USCIS recently announced a new immigration procedure that will allow certain family members of U.S. citizens who are in in the United States illegally and need to apply for a waiver before becoming eligible for a green card, to apply for that waiver before leaving the United States.
Currently, certain relatives of U.S. citizens who are eligible for a family-based green card, but have been living in the U.S. illegally, must depart the U.S. and apply for their green card at the U.S. Consulate abroad. Because they have been in the U.S. illegally, they must apply for a waiver. When departing the U.S., families take a major risk that the waiver will not be approved, meaning the green card will be denied and the family member will be stuck outside the U.S. Even if the waiver is actually approved, it can often take months, leaving family members separated.
The new procedural rule, which will go into effect on March 4, 2013, will allow certain immigrant relatives to apply for a "provisional unlawful presence waiver" in connection with their green card applications. The provisional waiver application will be made on the Form I-601A which USCIS will publish in the upcoming weeks.
If approved, the waiver will allow the immigrant relative to depart the U.S., attend his/her immigrant visa interview abroad, and return to the U.S. without significant delay in order to receive the green card. This new rule represents groundbreaking progress for immigrants and their U.S. citizen relatives, as the previous procedure required immigrants to apply for their waivers after leaving the U.S. and remain outside the U.S. while they awaited the waiver's approval. This old procedure resulted in many families suffering long separations from their spouses, children, and parents for several months or even many years.
An immigrant relative will require an unlawful presence waiver if the person accrued more than six months of unlawful presence (i.e. illegal stay) in the U.S. and wants to apply for a green card. There are three main requirements to qualify for the waiver:
- The applicant must be an "immediate relative" of a U.S. citizen. In family-sponsored immigration, immediate relatives are spouses, parents (if the U.S. citizen is at least 21 years old) and children (if the children are under the age of 21).
- The applicant's only ground of inadmissibility is the unlawful presence (the applicant cannot have a criminal record or other immigration violations).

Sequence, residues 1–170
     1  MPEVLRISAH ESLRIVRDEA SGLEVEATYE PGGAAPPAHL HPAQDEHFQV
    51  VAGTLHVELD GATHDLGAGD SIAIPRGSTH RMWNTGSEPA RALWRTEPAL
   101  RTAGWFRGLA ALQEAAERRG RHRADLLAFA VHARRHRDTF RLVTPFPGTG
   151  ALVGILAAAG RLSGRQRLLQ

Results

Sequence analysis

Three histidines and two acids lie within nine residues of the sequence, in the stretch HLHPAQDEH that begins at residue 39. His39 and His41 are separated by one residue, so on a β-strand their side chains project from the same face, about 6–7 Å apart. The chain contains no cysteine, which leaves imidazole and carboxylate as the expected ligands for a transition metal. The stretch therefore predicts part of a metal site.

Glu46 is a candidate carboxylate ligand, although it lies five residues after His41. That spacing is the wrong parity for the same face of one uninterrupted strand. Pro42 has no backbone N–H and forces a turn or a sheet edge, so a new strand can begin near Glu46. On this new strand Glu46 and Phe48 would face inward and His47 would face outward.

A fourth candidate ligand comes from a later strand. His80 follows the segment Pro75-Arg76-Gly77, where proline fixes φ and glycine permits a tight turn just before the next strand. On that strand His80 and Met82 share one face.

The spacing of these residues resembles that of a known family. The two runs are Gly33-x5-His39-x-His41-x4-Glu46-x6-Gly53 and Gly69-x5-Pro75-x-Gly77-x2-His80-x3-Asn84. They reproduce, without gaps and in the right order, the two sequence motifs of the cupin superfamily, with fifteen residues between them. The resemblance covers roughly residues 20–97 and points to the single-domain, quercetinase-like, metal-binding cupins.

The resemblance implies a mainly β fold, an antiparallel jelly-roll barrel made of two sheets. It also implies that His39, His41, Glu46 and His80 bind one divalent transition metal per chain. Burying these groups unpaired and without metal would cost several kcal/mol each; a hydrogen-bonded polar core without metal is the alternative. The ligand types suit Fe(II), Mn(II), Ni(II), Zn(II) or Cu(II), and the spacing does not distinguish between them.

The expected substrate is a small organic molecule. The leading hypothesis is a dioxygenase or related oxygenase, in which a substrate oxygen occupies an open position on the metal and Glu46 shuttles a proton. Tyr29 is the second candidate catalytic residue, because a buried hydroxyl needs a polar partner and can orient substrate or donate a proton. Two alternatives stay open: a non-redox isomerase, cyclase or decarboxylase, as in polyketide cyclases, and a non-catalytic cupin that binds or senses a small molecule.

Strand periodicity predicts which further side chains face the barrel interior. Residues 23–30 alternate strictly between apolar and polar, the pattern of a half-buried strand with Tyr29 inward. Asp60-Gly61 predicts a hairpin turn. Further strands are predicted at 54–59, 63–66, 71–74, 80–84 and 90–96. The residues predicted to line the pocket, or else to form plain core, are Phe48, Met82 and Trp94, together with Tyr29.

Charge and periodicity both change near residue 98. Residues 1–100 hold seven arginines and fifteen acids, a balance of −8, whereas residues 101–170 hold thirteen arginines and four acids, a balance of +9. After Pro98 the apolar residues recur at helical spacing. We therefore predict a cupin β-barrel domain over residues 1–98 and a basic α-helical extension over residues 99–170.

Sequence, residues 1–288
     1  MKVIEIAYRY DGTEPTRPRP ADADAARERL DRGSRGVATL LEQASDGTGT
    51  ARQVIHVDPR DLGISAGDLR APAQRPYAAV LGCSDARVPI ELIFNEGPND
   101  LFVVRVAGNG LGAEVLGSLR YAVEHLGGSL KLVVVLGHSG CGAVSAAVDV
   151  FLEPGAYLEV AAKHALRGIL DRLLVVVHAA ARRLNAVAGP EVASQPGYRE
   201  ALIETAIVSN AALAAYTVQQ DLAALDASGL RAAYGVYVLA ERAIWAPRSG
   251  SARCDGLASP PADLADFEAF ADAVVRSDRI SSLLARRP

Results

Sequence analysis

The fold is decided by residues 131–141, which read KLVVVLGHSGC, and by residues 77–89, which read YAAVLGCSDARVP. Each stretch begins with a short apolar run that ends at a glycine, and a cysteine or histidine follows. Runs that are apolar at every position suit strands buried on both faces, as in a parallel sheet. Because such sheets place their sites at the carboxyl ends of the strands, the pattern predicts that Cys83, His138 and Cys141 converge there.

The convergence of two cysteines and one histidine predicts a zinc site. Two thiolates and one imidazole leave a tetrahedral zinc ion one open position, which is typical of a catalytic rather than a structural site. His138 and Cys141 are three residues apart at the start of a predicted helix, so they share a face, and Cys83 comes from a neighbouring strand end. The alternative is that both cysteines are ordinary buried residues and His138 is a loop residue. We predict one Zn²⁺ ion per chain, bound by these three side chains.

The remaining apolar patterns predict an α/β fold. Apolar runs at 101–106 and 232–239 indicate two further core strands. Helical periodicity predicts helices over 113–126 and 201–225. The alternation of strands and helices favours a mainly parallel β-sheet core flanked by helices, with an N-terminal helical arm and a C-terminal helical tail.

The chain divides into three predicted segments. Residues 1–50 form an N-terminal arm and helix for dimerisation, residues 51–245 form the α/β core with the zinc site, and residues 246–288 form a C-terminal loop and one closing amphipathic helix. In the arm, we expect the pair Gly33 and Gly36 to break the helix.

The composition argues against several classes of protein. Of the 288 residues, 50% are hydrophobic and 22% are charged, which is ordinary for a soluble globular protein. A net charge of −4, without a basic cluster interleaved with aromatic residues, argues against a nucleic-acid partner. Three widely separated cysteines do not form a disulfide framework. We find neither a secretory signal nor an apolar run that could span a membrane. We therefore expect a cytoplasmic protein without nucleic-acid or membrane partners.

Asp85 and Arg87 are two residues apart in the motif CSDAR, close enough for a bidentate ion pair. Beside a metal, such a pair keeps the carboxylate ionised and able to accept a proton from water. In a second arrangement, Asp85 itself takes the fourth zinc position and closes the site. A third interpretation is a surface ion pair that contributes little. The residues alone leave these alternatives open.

- The applicant must prove that a denial of the waiver application would result in extreme hardship to the applicant's U.S. citizen relative.
This third requirement of proving extreme hardship is often the most difficult part of the application but it is also arguably the most important. There are no steadfast rules for proving extreme hardship, but typical hardship factors include the potential effects of the family separation if the U.S. citizen cannot accompany the immigrant relative abroad, economic hardship the U.S. citizen would suffer if the immigrant relative must depart the U.S., medical issues the U.S. citizen must deal with that require the constant assistance and care of the immigrant relative, and country conditions abroad that would adversely affect the U.S. citizen if he/she accompanied the immigrant relative abroad.
Although the provisional waiver represents a great victory for immigrant relatives, there are limits to the new waiver's benefits. For example, the waiver is called "provisional" because the government could revoke the waiver after granting it. The government may revoke the waiver if it discovers that the applicant has other immigration violations or a criminal record that were not disclosed on the provisional waiver application. Additionally, it is important to remember that the provisional waiver does not confer any legal immigration status and it does not provide work authorization.
Due to the complexity of immigration laws and regulations, it is highly recommended that foreign nationals contact skilled immigration attorneys to assist them with their cases.
To schedule a consultation with our office to discuss your immigration needs, call us at 650-293-0270, or simply complete our online contact form.
Additional Blog Posts
Green Card Bill Passes for Widows of U.S. Citizens, Silicon Valley Immigration Lawyer Blog, October 23, 2009
Family-Based Visas Going Unused, Silicon Valley Immigration Lawyer Blog, July 8, 2010